None of this is a problem over the winter months in Yuma, since the fridge is off and nothing else is pulling power, either. However badly oriented, the roof panels alone can easily recharge the pack then. Were I to have to keep the camper in service over the winter, some changes would be needed because that fridge would be on. The first impulse was of course to increase panel wattage, but this is not a practical option for me. There’s no more space on the roof for additional panels. While I could theoretically add another 100W ground panel or two to pump 300 or 400 watts through the separate Morningstar 200-watt charge controller (a good way to increase charging in poor sun conditions), my storage rack is maxed out and, as far as space in the truck cab and camper goes, there’s no room at the inn. I’m already panel-heavy. Enough with more panels, already! Important note: Don’t try this at home. Don’t exceed your own controller’s Read more…

Remounting the Four Wheel Camper

Step 2 of the process: get to the motel.

If you’ve been keeping up with the previous fascinating accounts on this blog, then you’re aware that the Four Wheel Grandby camper in the bed of my F-250 has managed to shift to one side, this being the second time. This one occurred late in the game because I hadn’t had much of a chance to hit rough trails until earlier this year, 2016 having included a minimum of “campsploring”. What’s odd is that both front camper mounts were still tight in spite of the shift, while one the rear showed only a small of loss of tension. That’s not good, since it indicates that, as long as the bed sheetmetal itself is not deforming, the mounting points in the bed are not spread out sideways enough to do any more than hold the camper down.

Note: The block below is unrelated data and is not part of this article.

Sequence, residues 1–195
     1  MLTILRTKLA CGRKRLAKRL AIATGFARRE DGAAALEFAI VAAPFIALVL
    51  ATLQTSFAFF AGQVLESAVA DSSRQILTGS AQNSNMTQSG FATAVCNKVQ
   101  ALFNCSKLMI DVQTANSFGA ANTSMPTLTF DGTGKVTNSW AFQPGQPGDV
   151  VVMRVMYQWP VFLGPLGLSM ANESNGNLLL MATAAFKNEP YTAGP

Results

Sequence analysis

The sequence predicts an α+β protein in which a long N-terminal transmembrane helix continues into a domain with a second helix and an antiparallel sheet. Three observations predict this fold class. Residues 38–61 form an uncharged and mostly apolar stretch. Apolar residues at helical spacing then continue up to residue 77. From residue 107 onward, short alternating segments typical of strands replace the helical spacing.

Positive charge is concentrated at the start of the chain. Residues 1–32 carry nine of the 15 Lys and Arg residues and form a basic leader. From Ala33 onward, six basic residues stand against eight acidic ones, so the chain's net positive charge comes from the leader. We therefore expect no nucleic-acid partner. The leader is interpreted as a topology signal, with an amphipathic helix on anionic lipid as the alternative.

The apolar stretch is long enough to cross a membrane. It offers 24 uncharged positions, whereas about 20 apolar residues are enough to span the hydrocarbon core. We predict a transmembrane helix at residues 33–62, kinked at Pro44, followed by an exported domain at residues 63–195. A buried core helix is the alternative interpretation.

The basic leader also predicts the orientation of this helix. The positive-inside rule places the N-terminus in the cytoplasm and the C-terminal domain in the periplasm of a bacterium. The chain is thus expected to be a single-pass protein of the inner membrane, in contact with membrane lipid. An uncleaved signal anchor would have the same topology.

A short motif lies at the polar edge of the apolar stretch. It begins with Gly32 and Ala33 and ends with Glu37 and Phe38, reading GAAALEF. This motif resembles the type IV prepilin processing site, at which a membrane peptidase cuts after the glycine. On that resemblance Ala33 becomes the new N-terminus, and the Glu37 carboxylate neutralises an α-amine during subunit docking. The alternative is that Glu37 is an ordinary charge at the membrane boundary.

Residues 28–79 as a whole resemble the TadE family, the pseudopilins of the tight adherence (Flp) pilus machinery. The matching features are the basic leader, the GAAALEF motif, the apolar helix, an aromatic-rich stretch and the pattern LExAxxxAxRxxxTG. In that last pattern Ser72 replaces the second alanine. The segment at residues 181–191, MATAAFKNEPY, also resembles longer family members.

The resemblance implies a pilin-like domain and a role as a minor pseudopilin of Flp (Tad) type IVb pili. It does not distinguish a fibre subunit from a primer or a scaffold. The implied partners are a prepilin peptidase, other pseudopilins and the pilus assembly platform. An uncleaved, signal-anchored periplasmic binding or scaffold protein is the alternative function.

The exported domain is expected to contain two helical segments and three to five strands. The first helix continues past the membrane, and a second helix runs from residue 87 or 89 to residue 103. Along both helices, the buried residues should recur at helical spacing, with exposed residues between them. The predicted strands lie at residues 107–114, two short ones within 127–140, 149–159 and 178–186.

Whining to Adventure Trailers, my camper dealer, netted an appointment and much brainstorming about ways to end this shifting around, because it’s very unusual. In preparation, I bulked up on aluminum rails that could be mounted to the bed to cage in the camper, plus a bunch of different types of fasteners. That’s an undesirable approach for a couple of reasons, but I figured I’d better show up with a Plan B in case the existing mounting points were already as well-located as they could get in the Ford’s bed. Just in case the rails had to be installed as the solution, Adventure Trailers allotted six hours to get me back out of the shop.

Prescott is a 250-mile, four-hour drive from Wellton,  so showing up at the shop by 8AM would require Read more…

It’s Déjà Vu All Over Again!

The Bridge of the USS Defiant as it was in 2013. It’s pretty much the same now, except for a thick layer of paperwork needing to be scanned or otherwise dealt with.